Google’s latest acquired rating service, Zagat, released a nice article about the Ten Most Annoying Cocktail Trends as voted by the readership. Although Absinthe didn’t make the list, some things point out why Absinthe has a difficult time coming back among Americans.
1. Too Many Ingredients. Fine I can sympathize with this one. If some cocktail has twelve ingredients and I skip one, you should notice. If you don’t, then it doesn’t need to be there. There are some cocktails with many ingredients where if you skip one it’s ruined, but I have a feeling those are less in number than people might think. Likewise, improving a cocktail by removing an ingredient is a sad realization. That Absinthe rinse you do to every cocktail better be worth it, and better not screw anything up.
2. Drinks over $15. Granted, a well Martini shouldn’t cost more than a few bucks but I can make a fancy one that costs $12 before any markup. If you want a fancy drink with top-shelf ingredients, then prepare to pay fancy top-shelf prices. Some bars with more style than substance might overcharge for crap (there’s one in my town), but for the most part respect the years of technique that not only go into crafting exquisite booze but also the fine-tuned cocktails from a knowledgeable bartender.
3. Weird Vodka Flavors. I want to sympathize here but I can’t. The market has tons of these and most are gimmicky low-brow attempts to sell stuff to people who don’t really like booze. However, there’s a baby in this bathwater and I have seen some bars do wonders with the right flavor extractions. Again, there’s one in my town that makes their own flavored vodkas and they do it well, even though it’s not my style of bar. Whether they use Bacon, or Tobacco these vodkas actually add something to the cocktails they are in. Let the craftsmen experiment. Vodka is only truly flavorless by American definition anyways, so show some international hospitality and allow for this backdoor.
4. Molecular Cocktails. So the name is douchetastic. There’s also the danger of someone using liquid nitrogen incorrectly and having your stomach removed. Like any trend someone is going to take things a bit too far. But most people don’t realize is that this is an old trend. From the flaming citrus garnish to the opening up of a scotch with a few drops of water, the sight smell and flavor can be enhanced on a small molecular level. Marketers know that we drink with our eyes first and design labels on that premise. Tasters know the incredible value of scent while imbibing. So once again let the craft be creative. Just because you don’t know why it’s important doesn’t make it less so.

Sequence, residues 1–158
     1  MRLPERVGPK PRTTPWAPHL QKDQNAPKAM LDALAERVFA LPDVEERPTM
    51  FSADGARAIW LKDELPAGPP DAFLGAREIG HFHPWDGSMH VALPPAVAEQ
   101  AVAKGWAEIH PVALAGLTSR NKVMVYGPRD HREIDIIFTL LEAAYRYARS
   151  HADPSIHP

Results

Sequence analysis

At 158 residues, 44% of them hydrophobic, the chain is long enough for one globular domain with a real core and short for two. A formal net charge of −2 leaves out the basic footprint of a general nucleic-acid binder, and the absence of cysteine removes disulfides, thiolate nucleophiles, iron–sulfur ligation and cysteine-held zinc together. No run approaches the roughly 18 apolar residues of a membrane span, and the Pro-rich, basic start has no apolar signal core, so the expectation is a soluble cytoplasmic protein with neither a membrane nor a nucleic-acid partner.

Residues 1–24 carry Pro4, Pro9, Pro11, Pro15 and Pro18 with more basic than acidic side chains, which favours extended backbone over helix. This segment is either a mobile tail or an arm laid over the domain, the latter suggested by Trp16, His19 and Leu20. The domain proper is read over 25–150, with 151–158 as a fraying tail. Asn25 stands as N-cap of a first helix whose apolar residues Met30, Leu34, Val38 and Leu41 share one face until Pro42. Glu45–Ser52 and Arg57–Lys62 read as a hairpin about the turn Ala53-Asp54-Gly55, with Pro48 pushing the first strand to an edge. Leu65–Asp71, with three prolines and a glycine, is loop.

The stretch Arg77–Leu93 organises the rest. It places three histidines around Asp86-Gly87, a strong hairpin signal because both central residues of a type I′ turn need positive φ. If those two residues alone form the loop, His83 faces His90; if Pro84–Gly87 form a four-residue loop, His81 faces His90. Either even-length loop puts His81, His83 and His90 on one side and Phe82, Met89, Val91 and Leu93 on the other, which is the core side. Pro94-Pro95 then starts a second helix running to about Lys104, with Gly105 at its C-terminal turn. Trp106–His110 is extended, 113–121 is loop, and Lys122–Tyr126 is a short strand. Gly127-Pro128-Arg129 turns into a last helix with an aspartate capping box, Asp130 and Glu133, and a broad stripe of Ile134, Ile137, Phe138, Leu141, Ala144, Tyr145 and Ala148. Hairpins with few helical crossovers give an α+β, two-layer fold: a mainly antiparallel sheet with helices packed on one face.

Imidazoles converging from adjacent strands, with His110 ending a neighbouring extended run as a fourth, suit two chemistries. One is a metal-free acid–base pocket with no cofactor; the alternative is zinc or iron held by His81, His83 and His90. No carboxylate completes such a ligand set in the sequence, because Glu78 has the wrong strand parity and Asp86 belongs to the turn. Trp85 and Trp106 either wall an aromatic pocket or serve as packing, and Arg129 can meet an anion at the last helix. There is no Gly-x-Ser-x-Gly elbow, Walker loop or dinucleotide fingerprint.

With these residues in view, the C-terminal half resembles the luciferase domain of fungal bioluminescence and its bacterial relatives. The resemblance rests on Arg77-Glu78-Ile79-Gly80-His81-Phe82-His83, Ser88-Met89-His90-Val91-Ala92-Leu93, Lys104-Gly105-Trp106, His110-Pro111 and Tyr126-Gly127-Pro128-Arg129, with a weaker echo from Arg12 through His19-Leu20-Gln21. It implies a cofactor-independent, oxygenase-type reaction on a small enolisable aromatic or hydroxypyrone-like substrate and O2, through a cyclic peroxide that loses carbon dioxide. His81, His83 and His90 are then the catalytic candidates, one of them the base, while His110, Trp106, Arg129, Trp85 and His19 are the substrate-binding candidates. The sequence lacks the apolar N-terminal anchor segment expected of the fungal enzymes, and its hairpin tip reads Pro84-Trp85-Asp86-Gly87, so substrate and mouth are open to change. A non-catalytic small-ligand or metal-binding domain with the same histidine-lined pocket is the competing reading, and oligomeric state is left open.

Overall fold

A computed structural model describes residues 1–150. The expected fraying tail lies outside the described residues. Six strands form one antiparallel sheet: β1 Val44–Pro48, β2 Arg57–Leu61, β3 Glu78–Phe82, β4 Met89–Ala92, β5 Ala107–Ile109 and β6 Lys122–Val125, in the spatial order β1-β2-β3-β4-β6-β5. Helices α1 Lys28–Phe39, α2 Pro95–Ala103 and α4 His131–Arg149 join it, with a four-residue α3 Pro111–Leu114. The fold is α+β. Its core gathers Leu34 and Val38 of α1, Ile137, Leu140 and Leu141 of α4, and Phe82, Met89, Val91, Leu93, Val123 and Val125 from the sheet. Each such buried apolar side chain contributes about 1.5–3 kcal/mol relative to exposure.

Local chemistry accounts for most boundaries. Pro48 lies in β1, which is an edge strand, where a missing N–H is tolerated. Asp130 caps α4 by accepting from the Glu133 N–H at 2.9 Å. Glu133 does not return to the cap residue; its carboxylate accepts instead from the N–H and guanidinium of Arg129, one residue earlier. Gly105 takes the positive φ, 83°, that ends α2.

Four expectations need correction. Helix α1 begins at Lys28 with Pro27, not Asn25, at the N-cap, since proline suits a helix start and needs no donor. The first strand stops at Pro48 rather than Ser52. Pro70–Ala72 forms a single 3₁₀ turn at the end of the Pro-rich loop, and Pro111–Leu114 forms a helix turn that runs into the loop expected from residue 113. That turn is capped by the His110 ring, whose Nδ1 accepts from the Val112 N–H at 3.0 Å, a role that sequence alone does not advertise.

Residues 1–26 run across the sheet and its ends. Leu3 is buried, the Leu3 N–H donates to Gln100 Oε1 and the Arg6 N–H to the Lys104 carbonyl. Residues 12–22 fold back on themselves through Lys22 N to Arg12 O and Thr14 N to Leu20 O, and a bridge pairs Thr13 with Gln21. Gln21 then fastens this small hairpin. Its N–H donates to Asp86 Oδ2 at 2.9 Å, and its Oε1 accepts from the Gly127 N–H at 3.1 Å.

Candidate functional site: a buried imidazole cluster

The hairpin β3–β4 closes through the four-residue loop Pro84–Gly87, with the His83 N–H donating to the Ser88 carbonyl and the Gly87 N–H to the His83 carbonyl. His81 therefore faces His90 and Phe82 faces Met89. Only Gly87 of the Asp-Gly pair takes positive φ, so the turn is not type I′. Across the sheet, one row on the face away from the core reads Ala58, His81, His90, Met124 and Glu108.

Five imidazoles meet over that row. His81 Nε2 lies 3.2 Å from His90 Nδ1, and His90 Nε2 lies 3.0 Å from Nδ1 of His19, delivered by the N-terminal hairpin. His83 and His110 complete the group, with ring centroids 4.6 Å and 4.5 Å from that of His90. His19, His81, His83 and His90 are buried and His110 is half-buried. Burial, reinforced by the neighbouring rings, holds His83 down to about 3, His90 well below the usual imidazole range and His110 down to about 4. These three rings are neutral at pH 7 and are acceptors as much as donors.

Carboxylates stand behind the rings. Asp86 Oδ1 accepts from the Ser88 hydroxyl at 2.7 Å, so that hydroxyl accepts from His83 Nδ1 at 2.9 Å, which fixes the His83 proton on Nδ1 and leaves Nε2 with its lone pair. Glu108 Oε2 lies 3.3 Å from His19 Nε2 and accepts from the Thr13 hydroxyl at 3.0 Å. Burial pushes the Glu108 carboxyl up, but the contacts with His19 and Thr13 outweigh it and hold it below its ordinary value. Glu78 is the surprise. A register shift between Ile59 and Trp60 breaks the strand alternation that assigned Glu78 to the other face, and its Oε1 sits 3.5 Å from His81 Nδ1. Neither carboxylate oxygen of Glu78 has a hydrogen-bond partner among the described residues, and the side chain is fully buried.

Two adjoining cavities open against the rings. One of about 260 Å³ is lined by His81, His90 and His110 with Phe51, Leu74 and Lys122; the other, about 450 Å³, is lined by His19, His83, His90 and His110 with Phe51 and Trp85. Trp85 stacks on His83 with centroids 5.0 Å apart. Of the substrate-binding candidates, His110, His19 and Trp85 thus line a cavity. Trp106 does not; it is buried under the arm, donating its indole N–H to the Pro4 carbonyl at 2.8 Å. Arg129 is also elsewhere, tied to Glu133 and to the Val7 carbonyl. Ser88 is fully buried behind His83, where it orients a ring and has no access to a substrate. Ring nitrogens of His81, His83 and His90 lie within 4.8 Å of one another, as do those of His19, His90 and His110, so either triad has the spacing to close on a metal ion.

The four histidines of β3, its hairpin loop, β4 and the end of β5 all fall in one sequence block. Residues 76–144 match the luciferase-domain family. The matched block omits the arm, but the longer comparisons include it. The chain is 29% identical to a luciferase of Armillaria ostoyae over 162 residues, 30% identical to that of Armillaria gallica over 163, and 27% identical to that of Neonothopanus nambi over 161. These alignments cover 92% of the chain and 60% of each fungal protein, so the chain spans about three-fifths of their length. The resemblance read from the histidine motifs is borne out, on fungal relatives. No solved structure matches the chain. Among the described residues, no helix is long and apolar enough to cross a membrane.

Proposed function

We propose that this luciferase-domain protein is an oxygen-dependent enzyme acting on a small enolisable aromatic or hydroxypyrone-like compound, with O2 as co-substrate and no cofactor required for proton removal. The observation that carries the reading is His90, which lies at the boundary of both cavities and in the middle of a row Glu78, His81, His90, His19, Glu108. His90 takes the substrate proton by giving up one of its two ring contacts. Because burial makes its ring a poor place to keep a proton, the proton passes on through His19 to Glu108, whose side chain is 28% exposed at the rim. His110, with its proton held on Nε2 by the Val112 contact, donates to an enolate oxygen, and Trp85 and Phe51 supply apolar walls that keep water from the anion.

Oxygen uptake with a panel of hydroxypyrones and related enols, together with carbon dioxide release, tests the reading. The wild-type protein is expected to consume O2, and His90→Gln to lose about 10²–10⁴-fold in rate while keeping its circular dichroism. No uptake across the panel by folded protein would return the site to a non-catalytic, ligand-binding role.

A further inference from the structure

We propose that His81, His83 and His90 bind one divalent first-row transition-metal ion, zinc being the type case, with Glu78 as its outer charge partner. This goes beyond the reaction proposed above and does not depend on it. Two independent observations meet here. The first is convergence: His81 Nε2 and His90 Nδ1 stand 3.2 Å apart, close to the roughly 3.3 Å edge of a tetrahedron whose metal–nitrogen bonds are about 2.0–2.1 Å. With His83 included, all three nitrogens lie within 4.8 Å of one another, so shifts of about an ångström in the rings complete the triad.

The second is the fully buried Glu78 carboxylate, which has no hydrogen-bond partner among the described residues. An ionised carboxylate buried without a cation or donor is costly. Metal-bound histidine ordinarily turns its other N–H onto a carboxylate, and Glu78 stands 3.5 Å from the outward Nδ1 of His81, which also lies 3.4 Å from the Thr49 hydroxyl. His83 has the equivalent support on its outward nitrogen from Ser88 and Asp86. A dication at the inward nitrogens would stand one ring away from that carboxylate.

5. Twee Serving Vessels. This goes right in hand with the trend towards old style cocktails. Most of those were made with higher proof booze so a four ounce glass was just fine. We migrated towards bigger drinks with the trashy trend of mixers (gasp, yes it was a trend at one time) and the lowering of class, er… proof down to the common 80. If you made a truly historic cocktail with the correct ABV, and you doubled it to fit an eight ounce glass, one would hammer you. Sometimes a smaller glass just fits the recipe. The Chrysanthemum is a great example of something that gets drowned in modern sized glasses.
6. Herbal and Floral Infusions. Fuck you. I love herbal and floral tastes. Your palate of cheeseburger and soda might not but then again I don’t want fat and sugar all over my cocktails. Let’s agree to disagree here. Back to my blogs topic of Absinthe, this is one point of the American palate that prevents us from enjoying Absinthe. We can’t tell the difference between Star Anise, Aniseed, and Fennel because we don’t eat that kind of food. Most Americans would say all three taste like licorice, whereas international gourmets would be damned to make that statement. On behalf of America, I’m sorry Europe.
7. Bacon in Drinks. Again not my cup of tea but let people experiment. If you don’t like it then don’t drink it. Let those who do have their fun.
8. Enough with the Retro. I somewhat agree here. The elitist hipsterism of bartenders looking like some 1920’s nobody can get on my nerves. Retro cocktails though, are amazing. Cocktails that were made as good tasty drinks instead of covering up prohibition’s bad booze are a retro goldmine. It’s all about taste, and I personally love cocktail onions. Another problem with retro is that it’s presence might stifle creativity. My Chrysanthemum and Sazerac aren’t a purists dream but I’ll bet you ten to one that they taste better. Honor your roots but don’t let them hold you back. As for Absinthe, it has no choice but to be retro and slightly hipster, as it was banned before banning booze was cool.
9. Metal Straws. Straws are for kids anyways, what are all you immature people ordering?
10. Cocktail Snobbery. This is more than slightly hypocritical to say at the end of this rant but I hate it too. I’m no mixologist but rather a cocktologist, for a reason. If you are trying to look like a gentleman and order a drink in a fedora then you fail anyways as a gentleman takes his hat off indoors. Developing an ego solely based on what you drink is sad and you have some serious self-reflection to do. Please have some style but for fucks sake do it right and without the hipster ego. This might have more to do with going to the wrong place. Don’t expect a hip speakeasy to have the same style of patrons an old-door saloon does. Why are you wearing a hoodie in a Martini Bar (guilty) or a full suit at the Punk-Rock Dive (guilty as well)?
In the end, grow up and have some style. Whether it’s the leather jacket and whiskey at the biker bar or the retro love affair of multi-ingredient infused classics with a molecular twist, have yours and let others have theirs but have some at least.